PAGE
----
Dragon’s Lair gets Game of Thrones’ boost
Finding The Dragon’s Lair gallery in St George can be tricky, like any good dragon’s den.
The art gallery is around the corner from Davidrose Jewellery and behind Tempest Bistro on Water Street.
If your quest fails, there are signs with very large arrows pointing in the right direction.
Cris Dapena, the former Chamber of Commerce president, and several others, opened the gallery six weeks ago, under the Dragon Slayer Purpose Trust.
The goal is to give visitors something new to look at, local artists somewhere new to show their work, and to put the Olde Towne back on the map.
“The most important thing is to revitalise St George,” Ms Dapena said.
Ms Dapena first had the idea for the gallery while out walking her dog in St George, with a friend.
“We were talking about St George and the state of retail and tourism activity in the town and wishing someone would do something to reinvigorate it,” she said.
“We came up with the thought that art colony towns everywhere in the world are hugely popular. They thrive as places for visitors to go to, even drawing visitors from nearby traditional tourist destinations. There is a town in Baja California, Mexico, called Bahia Todos Santos. People make the two-hour drive to it from Cabo San Lucas, Mexico all the time because it is an arts colony.”
Now the thought is to turn St George into an equally charming and fun arts colony.
The name “Dragon Slayer” was meant to be a play on the town’s name. The St George of lore, was a dragon slayer.
“Early on, one of our very kind volunteers said that is kind of a violent name and is evocative of harsh things,” Ms Dapena said.
The volunteer suggested they call the gallery The Dragon’s Lair. The name proved more successful than they ever anticipated.
“We didn’t take into account the popularity of HBO’s Game of Thrones,” Ms Dapena laughed. “Now we have a lot of people asking for dragons.”
They’re working on it. They do however have a dragon’s nest made from old drift wood, on display in the gallery.
One of the artists on exhibit is photographer Heather Kromer, former SPCA president.
Other than displaying her work in the odd BSoA show, she’d never sold any of her work before.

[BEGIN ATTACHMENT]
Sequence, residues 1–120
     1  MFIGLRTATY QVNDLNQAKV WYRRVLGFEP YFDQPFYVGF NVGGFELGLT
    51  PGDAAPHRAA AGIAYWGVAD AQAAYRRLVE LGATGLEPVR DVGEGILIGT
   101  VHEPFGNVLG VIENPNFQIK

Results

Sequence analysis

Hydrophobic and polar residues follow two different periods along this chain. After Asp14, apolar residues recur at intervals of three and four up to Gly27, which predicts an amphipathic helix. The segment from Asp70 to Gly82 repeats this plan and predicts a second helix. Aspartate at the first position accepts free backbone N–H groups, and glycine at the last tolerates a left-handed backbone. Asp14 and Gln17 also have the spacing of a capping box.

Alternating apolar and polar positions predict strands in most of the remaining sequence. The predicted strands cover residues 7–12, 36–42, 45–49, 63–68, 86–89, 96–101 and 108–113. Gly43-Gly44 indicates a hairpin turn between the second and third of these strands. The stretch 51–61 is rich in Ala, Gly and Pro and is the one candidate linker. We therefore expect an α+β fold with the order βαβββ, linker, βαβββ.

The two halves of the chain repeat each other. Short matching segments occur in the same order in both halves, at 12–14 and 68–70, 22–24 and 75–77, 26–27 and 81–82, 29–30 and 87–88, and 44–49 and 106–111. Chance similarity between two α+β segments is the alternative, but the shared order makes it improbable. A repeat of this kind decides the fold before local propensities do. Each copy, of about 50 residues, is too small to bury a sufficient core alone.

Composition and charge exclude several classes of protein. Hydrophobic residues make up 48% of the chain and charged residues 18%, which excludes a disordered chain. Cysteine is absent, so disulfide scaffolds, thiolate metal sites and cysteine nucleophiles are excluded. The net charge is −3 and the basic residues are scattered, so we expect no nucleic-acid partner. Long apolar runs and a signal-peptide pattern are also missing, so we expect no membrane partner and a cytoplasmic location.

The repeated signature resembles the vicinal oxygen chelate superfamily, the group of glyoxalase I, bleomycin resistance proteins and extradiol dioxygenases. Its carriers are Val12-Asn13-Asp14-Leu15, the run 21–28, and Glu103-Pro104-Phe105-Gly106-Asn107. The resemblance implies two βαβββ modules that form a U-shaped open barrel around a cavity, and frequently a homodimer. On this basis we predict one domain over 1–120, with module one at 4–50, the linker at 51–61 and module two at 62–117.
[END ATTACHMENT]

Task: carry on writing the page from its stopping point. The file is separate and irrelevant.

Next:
“It was just for fun,” she said. Then one day over breakfast with someone involved in the project, Ms Kromer’s husband mentioned that she took photographs. Ms Kromer was a little embarrassed, but thrilled when the new gallery took her on as an artist. She was even happier when one of her pieces sold.
“All of our artists have sold at least one piece,” Ms Dapena said.
People involved range from veterans like Jill Raine, to emerging artists like Skye Kermode, Tai Quan-Ottley and Caitlyn Bernard.
To keep costs down, all artists represented must take a turn manning the gallery.
Ms Dapena said when they first opened The Dragon’s Lair she expected their customers would be mostly visitors, but it didn’t happen that way.
“We have a lot of visitors,” she said, “but they are not the huge majority that I thought. We have a lot of locals coming.”
Ms Kromer said the residents coming in, have been complimentary and encouraging. “We are very happy about that,” she said.
Prices range from $3 to $600 for items such as full-scale paintings, greeting cards, 5x7 prints and cedar boxes, among other things. There is even a didgeridoo for sale.
The hope is to open more spaces like the Dragon’s Lair. Ms Dapena estimates there are probably 150 to 200 artists in Bermuda, many of whom don’t have much opportunity to show off their work.
“The more you talk to people and tell them about what we are doing here, they say well so and so is an artist,” Ms Kromer said. “They bring out their phones and show me. I get goose bumps.”
For more information find The Dragon’s Lair Gallery on Facebook or e-mail email@example.com. The gallery is open every day from 10am until 4pm
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